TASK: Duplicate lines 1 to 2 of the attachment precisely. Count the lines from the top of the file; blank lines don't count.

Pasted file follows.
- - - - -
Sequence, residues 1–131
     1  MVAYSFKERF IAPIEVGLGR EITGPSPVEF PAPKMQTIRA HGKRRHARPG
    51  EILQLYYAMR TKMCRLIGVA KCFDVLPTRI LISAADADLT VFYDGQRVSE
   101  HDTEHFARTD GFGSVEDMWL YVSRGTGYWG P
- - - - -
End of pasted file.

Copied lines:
Sequence, residues 1–131
     1  MVAYSFKERF IAPIEVGLGR EITGPSPVEF PAPKMQTIRA HGKRRHARPG